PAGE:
Robert Bush 1 p.m., Aug. 30
Filner Talks About His Alternative to Prop B
Bob Filner, the lone Democratic candidate in San Diego’s mayoral race, sat last week with progressive local news website OB Rag writers Andy Cohen and Annie Lane, giving an extensive interview and speaking at length for the first time publicly on a long-delayed city budget management plan that he’s touted as an alternative to Proposition B, the initiative to eliminate or curtail city worker pensions championed by his three opponents.
Filner first moved to remind voters that the entirety of savings realized from Prop B come not from shifting workers from defined-benefit pensions to defined-contribution 401(k) retirement plans, but from the proposal to freeze benefit-eligible salaries for existing workers. The 401(k) plan has been proven by independent analysis to be more costly to the city over the long run than keeping the recently-reformed pension plan currently in place.
“The only savings come from the so-called salary freeze, but that’s negotiation. You cannot mandate that in a referendum,” Filner tells the Rag. “We’re gonna have 10 years of litigation probably as a result because it’s unclear whether it’s legal or not,” he continues, echoing beliefs expressed on Friday by San Diego Municipal Employees Association general manager Michael Zucchet that the proposal, if passed, would eventually be struck down by courts.
Filner says he also wants to renegotiate labor agreements with the unions representing city employees, reducing the current 4% annual raises the city is currently contractually obligated to. By reducing raises and placing a maximum pension limitation of $99,999 on all employees, he claims the city would experience significant cost savings over current projections and eliminate the six-figure pensions paid to a handful of former non-management level employees that have drawn the ire of pension reform proponents such as mayoral opponent Carl DeMaio, who was instrumental in placing Prop B on the June ballot.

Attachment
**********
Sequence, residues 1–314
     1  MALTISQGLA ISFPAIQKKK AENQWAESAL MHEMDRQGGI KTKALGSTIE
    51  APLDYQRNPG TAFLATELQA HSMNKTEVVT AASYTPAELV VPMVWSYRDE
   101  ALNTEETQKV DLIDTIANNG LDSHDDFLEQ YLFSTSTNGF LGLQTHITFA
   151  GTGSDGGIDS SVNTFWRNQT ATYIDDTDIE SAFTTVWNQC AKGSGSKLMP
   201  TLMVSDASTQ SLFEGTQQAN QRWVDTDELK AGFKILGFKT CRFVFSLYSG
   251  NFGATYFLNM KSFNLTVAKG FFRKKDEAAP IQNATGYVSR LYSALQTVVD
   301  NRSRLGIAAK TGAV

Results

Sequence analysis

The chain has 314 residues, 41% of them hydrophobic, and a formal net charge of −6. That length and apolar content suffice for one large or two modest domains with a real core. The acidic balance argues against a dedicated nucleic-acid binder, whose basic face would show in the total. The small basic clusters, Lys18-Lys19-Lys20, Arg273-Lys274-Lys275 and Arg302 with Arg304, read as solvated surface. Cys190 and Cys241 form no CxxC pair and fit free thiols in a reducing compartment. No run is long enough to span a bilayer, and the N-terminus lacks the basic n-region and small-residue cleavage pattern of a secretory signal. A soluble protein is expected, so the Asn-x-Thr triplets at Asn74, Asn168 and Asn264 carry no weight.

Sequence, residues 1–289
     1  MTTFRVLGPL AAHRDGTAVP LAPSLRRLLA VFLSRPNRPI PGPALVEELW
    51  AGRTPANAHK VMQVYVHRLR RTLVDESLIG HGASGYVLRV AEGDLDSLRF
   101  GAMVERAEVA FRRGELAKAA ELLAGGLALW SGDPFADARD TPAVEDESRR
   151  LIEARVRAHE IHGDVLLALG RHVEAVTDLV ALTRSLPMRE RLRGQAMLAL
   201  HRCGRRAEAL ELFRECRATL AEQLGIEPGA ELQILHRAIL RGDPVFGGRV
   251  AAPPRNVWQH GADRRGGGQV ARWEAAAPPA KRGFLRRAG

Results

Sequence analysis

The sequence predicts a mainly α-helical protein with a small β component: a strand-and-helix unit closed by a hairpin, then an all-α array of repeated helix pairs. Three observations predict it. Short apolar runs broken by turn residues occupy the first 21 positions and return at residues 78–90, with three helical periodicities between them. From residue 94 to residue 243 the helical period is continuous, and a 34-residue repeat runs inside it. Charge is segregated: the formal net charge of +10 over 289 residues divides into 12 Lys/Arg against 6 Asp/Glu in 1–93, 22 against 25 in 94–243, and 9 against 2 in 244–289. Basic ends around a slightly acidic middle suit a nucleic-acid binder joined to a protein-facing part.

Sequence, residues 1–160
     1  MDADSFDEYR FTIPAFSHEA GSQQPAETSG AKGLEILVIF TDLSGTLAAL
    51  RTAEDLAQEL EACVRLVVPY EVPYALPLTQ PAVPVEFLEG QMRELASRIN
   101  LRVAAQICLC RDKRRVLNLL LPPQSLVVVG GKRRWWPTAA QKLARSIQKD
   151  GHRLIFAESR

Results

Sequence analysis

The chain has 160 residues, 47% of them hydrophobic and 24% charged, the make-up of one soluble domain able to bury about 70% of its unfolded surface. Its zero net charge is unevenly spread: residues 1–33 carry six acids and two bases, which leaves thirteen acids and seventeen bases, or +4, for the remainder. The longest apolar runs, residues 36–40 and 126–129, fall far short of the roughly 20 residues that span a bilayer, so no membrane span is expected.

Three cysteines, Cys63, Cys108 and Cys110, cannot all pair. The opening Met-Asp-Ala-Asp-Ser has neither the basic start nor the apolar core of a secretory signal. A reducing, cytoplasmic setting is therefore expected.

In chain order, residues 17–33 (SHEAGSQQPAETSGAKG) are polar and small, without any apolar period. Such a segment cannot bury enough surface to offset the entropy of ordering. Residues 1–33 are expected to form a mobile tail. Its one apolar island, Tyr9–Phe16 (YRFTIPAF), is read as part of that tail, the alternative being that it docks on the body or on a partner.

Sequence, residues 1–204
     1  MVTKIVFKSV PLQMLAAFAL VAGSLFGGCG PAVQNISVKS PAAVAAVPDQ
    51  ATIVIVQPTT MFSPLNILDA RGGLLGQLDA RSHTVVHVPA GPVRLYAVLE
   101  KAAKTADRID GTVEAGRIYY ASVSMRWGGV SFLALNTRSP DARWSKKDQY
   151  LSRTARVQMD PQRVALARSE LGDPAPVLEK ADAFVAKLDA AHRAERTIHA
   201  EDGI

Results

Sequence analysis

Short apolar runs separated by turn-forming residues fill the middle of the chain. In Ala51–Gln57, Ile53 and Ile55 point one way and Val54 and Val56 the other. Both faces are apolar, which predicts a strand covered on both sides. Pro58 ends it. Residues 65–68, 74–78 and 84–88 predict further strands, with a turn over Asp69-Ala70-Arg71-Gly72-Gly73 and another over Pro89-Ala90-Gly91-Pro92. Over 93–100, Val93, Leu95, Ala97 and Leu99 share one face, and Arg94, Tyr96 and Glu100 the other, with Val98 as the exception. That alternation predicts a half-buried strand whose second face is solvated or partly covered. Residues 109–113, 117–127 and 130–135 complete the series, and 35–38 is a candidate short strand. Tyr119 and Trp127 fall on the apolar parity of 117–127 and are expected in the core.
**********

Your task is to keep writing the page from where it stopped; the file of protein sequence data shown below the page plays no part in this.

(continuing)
Another part of Filner’s budget plan involves issuing $1 billion in new bonds at a rate 2% lower than the city currently pays on existing debt, amortized over 30 years instead of 15. He says this will save the city $550 million in the first 10 years of his plan, though no specific statement is made on how the extended term of the debt will affect long-range costs.
“If we have that $550 million now, we start fixing potholes, do the repairs, do the maintenance, and you fix things now and you don’t have to buy new ones in 15 years,” says Filner, seeming to argue that money spent on preventative maintenance in the short term will save on future costs. “In the long run I think it’s a lot cheaper.”
Filner also questions Convention Center expansion and pushes for stronger investment in urban core neighborhoods and the city’s ports in the full interview, linked above.
More like this:
- Pushback Over Prop B Implementation — July 31, 2012
- Inaccuracies Found on Proposition B Website — May 31, 2012
- A Better San Diego Forum Attacks Props A, B — April 21, 2012
- DeMaio Challenges Filner to Pension Debate — April 6, 2012
- Fiscal Analysis Pokes Holes in Pension Reform Initiative — March 20, 2012